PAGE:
Lors de ma première participation, j’étais en transition entre deux emplois. Je venais de quitter un emploi qui me procurait beaucoup de stress. Je souffrais d’anxiété et j’avais plusieurs symptômes d’épuisement professionnel et de dépression. C’est mon beau-père, lui-même vétéran, qui nous a parlé du TRB comme étant
une occasion de faire de la moto et de supporter des gens souffrant de syndrome post- traumatique. C’est dans ce contexte que mon conjoint François et moi avons participé pour la première fois à The Rolling Barrage en 2021 (5ième Édition).

La première journée j’étais gênée, car je ne connaissais personne outre mes beaux-parents. Je n’avais pas l’impression d’être à ma place, puisque j’étais une civile. Puis, petit-à-petit, des liens se sont créés. Après trois jours, nous ne voulions pas partir et avons prolongé notre voyage d’une journée. Cette dernière journée est une journée unique qui est gravée dans mon cœur à jamais. C’est à ce moment que j’ai pris conscience que maseule présence et mon écoute pouvaient faire une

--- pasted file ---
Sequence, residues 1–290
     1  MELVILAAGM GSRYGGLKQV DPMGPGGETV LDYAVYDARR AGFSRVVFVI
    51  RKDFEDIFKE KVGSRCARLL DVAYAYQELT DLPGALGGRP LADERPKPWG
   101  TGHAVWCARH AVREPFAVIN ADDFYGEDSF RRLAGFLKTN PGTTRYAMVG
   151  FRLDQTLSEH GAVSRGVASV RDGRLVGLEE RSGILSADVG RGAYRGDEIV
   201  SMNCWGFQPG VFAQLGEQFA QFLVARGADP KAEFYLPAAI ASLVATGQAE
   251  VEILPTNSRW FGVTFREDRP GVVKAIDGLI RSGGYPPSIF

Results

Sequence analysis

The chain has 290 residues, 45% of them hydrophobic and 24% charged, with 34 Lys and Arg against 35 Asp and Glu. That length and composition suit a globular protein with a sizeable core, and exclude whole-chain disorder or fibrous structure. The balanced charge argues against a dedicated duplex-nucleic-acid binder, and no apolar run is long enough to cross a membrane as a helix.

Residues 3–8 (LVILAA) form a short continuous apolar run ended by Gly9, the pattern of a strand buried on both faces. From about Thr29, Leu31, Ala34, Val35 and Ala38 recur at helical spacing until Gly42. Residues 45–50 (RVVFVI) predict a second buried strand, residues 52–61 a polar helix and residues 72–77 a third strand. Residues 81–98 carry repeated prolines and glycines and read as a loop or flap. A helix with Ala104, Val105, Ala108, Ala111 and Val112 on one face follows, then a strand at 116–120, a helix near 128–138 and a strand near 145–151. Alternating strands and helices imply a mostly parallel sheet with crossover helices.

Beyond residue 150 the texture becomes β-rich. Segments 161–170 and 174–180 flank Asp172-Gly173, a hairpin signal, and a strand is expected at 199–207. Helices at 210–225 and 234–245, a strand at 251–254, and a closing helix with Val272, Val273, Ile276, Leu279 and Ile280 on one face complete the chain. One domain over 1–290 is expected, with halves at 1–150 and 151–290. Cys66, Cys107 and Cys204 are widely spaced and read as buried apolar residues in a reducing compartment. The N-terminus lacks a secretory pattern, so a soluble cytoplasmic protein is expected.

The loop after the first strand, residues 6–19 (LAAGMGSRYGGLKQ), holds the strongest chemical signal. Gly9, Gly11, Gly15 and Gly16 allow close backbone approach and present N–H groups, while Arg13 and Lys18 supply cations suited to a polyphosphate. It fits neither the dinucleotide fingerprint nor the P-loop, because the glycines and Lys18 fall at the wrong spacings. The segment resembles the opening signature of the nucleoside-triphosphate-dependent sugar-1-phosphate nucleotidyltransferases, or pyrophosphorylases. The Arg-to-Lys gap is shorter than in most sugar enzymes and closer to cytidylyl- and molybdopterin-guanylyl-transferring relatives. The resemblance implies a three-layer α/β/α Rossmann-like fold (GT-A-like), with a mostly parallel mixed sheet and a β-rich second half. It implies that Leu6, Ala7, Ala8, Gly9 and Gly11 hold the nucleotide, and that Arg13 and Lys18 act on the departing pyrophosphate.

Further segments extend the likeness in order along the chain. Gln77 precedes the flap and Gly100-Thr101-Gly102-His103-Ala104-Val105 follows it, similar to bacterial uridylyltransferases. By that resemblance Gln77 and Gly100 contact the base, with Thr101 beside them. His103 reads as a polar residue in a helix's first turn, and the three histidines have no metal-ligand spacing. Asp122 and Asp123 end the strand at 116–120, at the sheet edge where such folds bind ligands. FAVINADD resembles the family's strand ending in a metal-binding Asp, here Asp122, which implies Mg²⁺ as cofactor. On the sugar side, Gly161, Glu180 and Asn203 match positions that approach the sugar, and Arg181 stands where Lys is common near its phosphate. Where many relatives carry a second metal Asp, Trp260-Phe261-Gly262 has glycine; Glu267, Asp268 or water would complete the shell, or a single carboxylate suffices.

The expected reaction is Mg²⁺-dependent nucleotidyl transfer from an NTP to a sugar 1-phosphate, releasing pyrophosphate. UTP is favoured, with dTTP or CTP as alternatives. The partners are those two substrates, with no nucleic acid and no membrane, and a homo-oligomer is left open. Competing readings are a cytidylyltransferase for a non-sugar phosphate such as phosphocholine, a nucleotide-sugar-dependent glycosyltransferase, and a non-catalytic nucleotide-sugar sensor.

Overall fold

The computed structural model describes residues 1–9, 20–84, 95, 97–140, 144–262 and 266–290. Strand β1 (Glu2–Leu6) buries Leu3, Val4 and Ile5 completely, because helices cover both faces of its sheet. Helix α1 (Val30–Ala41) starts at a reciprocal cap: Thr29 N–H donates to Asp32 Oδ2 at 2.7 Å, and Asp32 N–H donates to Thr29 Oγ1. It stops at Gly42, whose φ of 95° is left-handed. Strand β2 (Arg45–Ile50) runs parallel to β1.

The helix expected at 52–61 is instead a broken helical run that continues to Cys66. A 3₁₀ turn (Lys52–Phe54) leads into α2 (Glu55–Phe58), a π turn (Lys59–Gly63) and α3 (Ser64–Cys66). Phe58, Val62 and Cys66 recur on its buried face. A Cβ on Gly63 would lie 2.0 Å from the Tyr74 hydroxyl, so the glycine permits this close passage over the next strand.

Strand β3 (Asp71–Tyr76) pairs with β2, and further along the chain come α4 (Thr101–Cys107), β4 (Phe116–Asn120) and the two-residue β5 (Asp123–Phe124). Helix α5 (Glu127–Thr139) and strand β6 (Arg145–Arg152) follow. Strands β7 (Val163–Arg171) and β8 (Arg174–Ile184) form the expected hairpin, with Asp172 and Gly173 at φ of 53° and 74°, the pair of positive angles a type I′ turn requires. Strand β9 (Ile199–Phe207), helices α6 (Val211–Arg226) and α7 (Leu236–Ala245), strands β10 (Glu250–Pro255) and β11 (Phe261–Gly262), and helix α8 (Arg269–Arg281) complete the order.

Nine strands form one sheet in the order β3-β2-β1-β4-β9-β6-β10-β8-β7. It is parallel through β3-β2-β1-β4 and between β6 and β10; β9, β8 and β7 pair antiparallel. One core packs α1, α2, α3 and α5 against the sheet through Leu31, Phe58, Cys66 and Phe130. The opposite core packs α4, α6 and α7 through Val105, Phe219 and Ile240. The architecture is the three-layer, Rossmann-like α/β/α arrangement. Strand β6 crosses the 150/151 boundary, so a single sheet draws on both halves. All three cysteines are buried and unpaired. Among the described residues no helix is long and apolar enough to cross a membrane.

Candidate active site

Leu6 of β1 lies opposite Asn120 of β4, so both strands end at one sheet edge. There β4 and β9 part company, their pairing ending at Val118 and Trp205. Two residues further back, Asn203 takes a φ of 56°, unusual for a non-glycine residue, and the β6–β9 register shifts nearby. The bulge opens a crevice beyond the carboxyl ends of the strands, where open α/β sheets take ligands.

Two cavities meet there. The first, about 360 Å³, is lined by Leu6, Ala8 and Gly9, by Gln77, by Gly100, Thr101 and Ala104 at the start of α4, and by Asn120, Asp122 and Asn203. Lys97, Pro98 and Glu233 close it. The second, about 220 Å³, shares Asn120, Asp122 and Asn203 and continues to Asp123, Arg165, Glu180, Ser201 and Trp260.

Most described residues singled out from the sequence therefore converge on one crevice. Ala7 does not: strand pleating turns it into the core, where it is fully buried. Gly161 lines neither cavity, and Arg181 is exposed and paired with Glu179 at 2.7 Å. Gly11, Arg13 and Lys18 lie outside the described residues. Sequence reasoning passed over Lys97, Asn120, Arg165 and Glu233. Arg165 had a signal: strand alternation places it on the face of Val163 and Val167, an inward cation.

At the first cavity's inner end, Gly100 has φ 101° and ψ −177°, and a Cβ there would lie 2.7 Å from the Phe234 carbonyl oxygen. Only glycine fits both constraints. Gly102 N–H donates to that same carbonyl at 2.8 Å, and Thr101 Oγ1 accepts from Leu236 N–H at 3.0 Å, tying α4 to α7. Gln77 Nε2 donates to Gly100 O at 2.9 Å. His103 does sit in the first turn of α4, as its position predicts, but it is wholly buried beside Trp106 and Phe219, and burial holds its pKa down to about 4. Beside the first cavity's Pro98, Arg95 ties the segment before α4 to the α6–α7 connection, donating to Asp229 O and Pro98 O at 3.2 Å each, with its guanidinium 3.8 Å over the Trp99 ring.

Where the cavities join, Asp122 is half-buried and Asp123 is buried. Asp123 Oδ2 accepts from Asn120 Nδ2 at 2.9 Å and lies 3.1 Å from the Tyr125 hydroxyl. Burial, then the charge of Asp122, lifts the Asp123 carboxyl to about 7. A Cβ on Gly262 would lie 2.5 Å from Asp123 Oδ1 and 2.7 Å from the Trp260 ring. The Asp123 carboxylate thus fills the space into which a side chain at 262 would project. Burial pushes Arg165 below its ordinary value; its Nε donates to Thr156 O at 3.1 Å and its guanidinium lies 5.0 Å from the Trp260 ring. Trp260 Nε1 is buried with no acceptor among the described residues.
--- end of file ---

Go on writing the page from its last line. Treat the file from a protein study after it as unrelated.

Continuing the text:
différence. Que même si je n’avais pas servi mon pays ou ma communauté comme la majorité des participants, je pouvais offrir mon support à ceux ayant revêtu l’uniforme.

Depuis, c’est un rendez-vous annuel pour moi. C’est d’abord un rendez-vous avec moi-même, un temps de pause dans cette vie si chargée mais aussi un rendez-vous avec cette belle et grande communauté qui se tisse d’un océan à l’autre, kilomètre après kilomètre. C’est l’occasion de retrouver des personnes au cœur si généreux qui sont devenus des amis en quelques jours. Au fil des kilomètres on réalise que ces blessures invisibles n’ont pas de métier, elles nous touchent tous et c’est lorsqu’on commence à en parler ouvertement, que doucement, les barrières s’estompent, que l’on s’ouvre et que le chemin vers le mieux-être peut commencer. Il ne faut pas rester silencieux. Alors c’est avec beaucoup d’humilité et une immense gratitude envers l’organisation qu’après trois années de participation j’ai accepté de relever le défi d’être représentante pour le Québec avec mon conjoint. C’est ma façon à moi de redonner à ceux qui nous donne tant et de contribuer à cette cause.